Confederate Flag and Bill of Rights

The Confederate Flag has come to mean many things to many different people. To many, it is an offensive reminder of many terrible things. To them, the flag represents slavery and is remembered more by its adoption by racist groups such as the KKK. To others however, it is a symbol in which they take pride. It is a representation of those before them who stood up for what they believed in, despite the powerful government that stood in their paths. To these people, it is often known as the “Rebel flag.”

I know many will argue with me, but please give me a moment to explain. The Civil War was not fought over slavery itself. To say it was is oversimplification at best. Instead, it was fought over the overarching concept of states rights versus federal rights. This was a huge point of contention at the time, and is still something we hear argued in politics today. Now, as an effort to redeem myself with some of you, the biggest single way that this was embodied in the Civil War was, in fact, through the issue of slavery. It is true that many states specifically mentioned slavery in their documents of succession from the union. Let’s not forget, though, that our first governing document was not the Constitution, but instead the Articles of Confederation. Under the Articles of Confederation, the federal government was incredibly limited in favor of more powerful state governments. The federal government did not even have enough power to demand taxes. After our nation’s successful succession, the Articles of Confederation were replaced with the Constitution, which favored a more powerful federal government. It goes without saying, some people opposed this change.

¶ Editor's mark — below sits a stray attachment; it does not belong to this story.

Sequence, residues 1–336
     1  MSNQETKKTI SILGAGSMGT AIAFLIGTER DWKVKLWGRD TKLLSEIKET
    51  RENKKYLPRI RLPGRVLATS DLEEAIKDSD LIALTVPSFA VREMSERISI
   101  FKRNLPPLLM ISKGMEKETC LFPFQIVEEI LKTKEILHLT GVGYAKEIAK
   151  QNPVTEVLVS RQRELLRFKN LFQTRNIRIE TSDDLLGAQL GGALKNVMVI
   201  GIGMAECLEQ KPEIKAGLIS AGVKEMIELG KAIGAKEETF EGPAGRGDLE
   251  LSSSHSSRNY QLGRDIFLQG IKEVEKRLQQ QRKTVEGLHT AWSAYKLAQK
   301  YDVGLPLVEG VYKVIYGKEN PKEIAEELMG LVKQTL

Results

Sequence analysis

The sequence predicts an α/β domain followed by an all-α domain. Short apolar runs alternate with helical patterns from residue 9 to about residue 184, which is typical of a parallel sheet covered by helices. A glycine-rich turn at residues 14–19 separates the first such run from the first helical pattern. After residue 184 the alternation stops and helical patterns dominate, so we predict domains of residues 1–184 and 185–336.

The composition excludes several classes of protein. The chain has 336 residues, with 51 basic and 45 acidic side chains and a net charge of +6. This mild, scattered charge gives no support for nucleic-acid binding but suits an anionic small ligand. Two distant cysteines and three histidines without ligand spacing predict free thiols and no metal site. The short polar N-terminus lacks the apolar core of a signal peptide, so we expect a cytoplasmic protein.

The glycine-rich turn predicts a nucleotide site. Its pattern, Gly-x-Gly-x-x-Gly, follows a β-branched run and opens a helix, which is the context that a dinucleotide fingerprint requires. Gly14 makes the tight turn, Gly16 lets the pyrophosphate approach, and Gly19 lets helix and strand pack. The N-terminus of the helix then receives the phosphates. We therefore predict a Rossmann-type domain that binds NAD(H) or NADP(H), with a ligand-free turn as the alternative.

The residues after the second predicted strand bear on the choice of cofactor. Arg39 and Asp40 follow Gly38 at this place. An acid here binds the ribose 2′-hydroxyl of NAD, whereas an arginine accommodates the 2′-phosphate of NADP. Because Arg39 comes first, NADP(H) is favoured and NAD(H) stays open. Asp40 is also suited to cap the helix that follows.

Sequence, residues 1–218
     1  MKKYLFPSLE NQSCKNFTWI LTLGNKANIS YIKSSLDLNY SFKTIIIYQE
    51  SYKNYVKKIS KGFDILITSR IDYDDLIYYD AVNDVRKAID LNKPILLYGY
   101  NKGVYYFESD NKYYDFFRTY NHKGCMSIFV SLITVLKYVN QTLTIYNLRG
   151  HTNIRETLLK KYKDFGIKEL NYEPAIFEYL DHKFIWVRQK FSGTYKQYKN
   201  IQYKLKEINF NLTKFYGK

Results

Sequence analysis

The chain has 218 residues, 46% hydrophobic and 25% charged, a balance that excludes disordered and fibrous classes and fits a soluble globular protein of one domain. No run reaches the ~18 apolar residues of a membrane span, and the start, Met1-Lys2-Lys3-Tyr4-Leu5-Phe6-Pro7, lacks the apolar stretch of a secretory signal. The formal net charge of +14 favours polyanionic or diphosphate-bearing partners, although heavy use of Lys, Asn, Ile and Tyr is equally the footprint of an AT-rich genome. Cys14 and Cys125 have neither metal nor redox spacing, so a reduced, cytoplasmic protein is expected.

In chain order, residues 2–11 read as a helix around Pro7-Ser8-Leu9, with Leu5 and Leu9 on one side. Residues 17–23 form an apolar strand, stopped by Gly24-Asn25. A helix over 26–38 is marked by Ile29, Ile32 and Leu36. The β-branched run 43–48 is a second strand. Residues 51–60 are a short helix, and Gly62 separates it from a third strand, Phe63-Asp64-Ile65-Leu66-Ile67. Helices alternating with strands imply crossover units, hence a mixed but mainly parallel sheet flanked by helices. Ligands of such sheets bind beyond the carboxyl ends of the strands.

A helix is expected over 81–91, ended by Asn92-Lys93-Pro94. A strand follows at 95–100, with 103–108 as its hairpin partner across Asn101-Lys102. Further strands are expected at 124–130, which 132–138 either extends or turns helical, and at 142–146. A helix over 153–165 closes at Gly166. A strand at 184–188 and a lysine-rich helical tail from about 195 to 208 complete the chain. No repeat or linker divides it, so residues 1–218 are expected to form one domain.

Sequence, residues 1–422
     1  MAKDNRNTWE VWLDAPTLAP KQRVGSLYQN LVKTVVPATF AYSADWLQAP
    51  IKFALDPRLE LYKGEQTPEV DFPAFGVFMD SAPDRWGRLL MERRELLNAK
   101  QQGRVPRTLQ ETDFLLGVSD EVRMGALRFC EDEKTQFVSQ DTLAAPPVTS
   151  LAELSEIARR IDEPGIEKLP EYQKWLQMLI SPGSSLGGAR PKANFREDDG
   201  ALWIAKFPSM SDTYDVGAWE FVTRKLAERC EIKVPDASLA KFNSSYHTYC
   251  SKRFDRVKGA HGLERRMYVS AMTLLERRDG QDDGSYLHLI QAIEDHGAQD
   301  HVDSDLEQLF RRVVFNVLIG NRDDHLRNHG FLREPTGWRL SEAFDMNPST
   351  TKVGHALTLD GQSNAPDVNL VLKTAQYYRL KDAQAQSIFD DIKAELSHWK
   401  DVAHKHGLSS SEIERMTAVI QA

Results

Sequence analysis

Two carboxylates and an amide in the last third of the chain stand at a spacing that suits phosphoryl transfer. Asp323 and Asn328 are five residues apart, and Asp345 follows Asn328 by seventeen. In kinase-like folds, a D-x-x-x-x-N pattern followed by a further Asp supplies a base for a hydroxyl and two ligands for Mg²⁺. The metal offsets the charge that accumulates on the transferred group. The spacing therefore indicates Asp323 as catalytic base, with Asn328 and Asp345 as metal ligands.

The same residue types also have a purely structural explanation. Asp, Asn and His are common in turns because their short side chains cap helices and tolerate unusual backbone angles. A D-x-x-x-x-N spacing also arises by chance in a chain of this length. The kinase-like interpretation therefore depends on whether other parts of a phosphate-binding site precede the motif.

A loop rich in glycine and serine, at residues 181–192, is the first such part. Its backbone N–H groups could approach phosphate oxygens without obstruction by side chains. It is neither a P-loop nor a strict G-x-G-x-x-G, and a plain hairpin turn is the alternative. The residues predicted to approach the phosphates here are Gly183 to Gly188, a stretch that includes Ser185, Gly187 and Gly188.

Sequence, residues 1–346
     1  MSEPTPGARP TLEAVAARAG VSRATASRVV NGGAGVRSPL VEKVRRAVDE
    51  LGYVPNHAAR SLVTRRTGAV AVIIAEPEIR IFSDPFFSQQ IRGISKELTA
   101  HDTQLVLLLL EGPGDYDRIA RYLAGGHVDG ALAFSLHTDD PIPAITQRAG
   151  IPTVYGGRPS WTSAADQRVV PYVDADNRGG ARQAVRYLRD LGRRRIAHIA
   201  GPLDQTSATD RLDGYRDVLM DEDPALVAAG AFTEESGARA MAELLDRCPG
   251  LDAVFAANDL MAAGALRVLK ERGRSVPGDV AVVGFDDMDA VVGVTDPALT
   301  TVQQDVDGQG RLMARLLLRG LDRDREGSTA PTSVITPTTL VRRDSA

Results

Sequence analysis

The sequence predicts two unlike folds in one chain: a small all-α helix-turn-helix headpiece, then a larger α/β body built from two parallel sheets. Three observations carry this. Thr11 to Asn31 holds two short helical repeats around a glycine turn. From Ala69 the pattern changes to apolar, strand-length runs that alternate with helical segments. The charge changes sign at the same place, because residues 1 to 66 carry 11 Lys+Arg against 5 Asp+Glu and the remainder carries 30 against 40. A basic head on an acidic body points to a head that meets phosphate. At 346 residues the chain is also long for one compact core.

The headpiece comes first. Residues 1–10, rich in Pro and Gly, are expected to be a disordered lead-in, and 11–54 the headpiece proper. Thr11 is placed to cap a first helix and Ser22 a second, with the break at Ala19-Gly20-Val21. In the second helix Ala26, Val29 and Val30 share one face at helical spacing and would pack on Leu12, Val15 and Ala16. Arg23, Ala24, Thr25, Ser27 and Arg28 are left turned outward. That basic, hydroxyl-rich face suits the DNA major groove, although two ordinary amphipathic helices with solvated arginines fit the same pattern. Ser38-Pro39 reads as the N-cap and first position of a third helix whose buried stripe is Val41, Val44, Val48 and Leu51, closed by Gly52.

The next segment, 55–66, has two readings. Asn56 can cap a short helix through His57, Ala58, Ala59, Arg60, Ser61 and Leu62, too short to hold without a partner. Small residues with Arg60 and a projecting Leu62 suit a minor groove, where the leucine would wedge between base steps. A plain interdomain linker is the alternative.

But to get to the point. I see many people calling for such extremes as banishing the Confederate or Rebel Flag to the confines of museum use only. I simply cannot wrap my mind around how this is even feasible. America is a nation that offers freedom of religion, freedom of speech, freedom to assemble, freedom to petition the government, and the right to bear arms. We cannot be forced to quarter soldiers and are protected from unreasonable searches. How, in any sense, does any of this lead to a government that tells me, or anyone else, which flags we can and cannot fly?

It is so easy to approve of the revocation or infringement of rights when it is done to someone with views that are oppositional to our own. It may seem trivial as it is easy to get caught up in what is ignorant, offensive and rude. But, I leave you with this:

Being ignorant, offensive, and rude is, in fact, ignorant, offensive, and rude. But, it is not illegal.

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